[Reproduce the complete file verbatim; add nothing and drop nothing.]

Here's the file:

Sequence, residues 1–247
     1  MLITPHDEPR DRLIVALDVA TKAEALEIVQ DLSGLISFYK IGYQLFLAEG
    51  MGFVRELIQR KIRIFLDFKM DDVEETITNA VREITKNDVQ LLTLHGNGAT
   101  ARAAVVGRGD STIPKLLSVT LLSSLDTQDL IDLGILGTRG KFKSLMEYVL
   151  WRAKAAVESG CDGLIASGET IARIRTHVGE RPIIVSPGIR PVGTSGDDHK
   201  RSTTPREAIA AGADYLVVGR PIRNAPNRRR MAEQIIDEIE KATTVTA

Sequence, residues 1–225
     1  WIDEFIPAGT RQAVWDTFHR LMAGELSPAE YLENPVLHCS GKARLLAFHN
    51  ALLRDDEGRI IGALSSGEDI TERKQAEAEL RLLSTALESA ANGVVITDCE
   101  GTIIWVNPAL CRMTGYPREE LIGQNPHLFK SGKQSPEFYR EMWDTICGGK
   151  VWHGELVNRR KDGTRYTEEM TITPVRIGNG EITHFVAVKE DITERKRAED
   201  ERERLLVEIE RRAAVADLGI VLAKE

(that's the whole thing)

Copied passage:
Sequence, residues 1–247
     1  MLITPHDEPR DRLIVALDVA TKAEALEIVQ DLSGLISFYK IGYQLFLAEG
    51  MGFVRELIQR KIRIFLDFKM DDVEETITNA VREITKNDVQ LLTLHGNGAT
   101  ARAAVVGRGD STIPKLLSVT LLSSLDTQDL IDLGILGTRG KFKSLMEYVL
   151  WRAKAAVESG CDGLIASGET IARIRTHVGE RPIIVSPGIR PVGTSGDDHK
   201  RSTTPREAIA AGADYLVVGR PIRNAPNRRR MAEQIIDEIE KATTVTA

Sequence, residues 1–225
     1  WIDEFIPAGT RQAVWDTFHR LMAGELSPAE YLENPVLHCS GKARLLAFHN
    51  ALLRDDEGRI IGALSSGEDI TERKQAEAEL RLLSTALESA ANGVVITDCE
   101  GTIIWVNPAL CRMTGYPREE LIGQNPHLFK SGKQSPEFYR EMWDTICGGK
   151  VWHGELVNRR KDGTRYTEEM TITPVRIGNG EITHFVAVKE DITERKRAED
   201  ERERLLVEIE RRAAVADLGI VLAKE